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When Sorry Isn’t the Important Word

The other day I wanted to buy salmon at my local market. When I looked at the fish counter covered with ice and various fish, I did not see any salmon, so I asked the person behind the counter if he had any for sale. He looked at me, then pointed down into the counter. I realized I had not noticed a sign.

The sign said:


We are out of salmon.

I am not surprised I missed the sign when I was looking for salmon. After all, the sign emphasized SORRY rather than SALMON. Salmon was the final word, something I would not have seen as my eyes flitted around the icy counter. 

The SORRY sign reminded me of the importance of highlighting what your audience needs in business communication. For example, if you are writing to announce a picnic, you need to highlight the words Picnic, Date, Time, Place, Rain Date (if you live in Seattle or other rainy places), RSVP, and other information your reader will scan for to make plans to be at the event. If you are reminding people about an upcoming webinar, you may need to highlight the word Online, especially if your audience usually attends classes in person.

People do not read every word. They scan email, text messages, web pages, memos, letters, proposals–even signs at the market. Don't give them a big SORRY. Give them what they need. Format your messages to emphasize what they seek.

Have you been able to find what you need in written pieces?  I welcome your comments.

Syntax Training

Posted by Lynn Gaertner Johnson
By Lynn Gaertner-Johnston

Lynn Gaertner-Johnston has helped thousands of employees and managers improve their business writing skills and confidence through her company, Syntax Training. In her corporate training career of more than 20 years, she has worked with executives, engineers, scientists, sales staff, and many other professionals, helping them get their messages across with clarity and tact.

A gifted teacher, Lynn has led writing classes at more than 100 companies and organizations such as MasterCard, Microsoft, Boeing, Nintendo, REI, AARP, Ledcor, and Kaiser Permanente. Near her home in Seattle, Washington, she has taught managerial communications in the MBA programs of the University of Washington and UW Bothell. She has created a communications course, Business Writing That Builds Relationships, and provides the curriculum at no cost to college instructors.

A recognized expert in business writing etiquette, Lynn has been quoted in "The Wall Street Journal," "The Atlantic," "Vanity Fair," and other media.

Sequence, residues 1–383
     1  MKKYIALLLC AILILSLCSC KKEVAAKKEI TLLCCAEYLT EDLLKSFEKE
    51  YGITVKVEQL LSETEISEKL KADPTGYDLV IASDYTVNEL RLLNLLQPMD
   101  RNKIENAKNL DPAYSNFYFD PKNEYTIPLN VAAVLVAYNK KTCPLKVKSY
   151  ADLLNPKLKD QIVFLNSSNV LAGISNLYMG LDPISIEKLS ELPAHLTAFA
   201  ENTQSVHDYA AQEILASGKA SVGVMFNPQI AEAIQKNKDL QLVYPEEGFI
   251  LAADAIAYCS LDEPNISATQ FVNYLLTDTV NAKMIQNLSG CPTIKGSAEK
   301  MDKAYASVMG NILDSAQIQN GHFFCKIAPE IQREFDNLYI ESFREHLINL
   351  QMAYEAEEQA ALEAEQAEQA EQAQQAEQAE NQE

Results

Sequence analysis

Lynn sharpened her business writing skills at the University of Notre Dame, where she earned a master's degree in communication, and at Bradley University, with a bachelor's degree in English. She grew up in suburban Chicago, Illinois.

13 comments on “When Sorry Isn’t the Important Word”

  • Oh how true this is! In the UK we have started to get digital message signs on the motorways which give information about traffic issues. They have to repeat the info because of the order of the text, as you state Lynn the important is often last and thus missed. As always excellent advice from real situations.

  • Tim, thanks for dropping by and commenting. I enjoy your continued emphasis on graphics. Yet I am not sure how a graphic might have helped me when I was seeking the sold-out salmon.


  • Hi, Tim. Yes, maybe the word “salmon” with an X or a line through it. I don’t think I would recognize a picture of a salmon with an X through it.

    Yet a crossed-out salmon (either verbal or visual) might conjure up the wrong idea–have salmon been banned?

    SALMON SOLD OUT might work best.


  • hi Lynn , is so true that we never read carefully and only catch or see what we want and not what we need to know.
    Which means that we have to be careful when it comes to read any kind of written piece.

  • Hi Lynn. I agree. Maybe a better approach would have been to create a sign that said “We’re out of salmon, but our fresh halibut is on special and it’s FANTASTIC!”

  • Instead of “SORRY” which implies that the store is at fault. I like your idea, Lynn, on “Salmon Sold Out.”

    In a visual/IA context; Use the “Salmon” label that is used regularly. This is what shoppers look for 2nd anyway (first being the bright-color salmon itself). Append to the label a contrasting “Sold Out” label. Use a warm color to contrast the cool, icy display. This implies to the customer: This is a product that sells well. “You” JUST missed out. Don’t worry though, this is only temporary – come back (to the store) in a day or two. It turns a negative into two positives and motivation to come back sooner than usual.

  • I get your point.. That’s why experts say communication is important. As you said they could have highlighted salmon also, must have made great sense..

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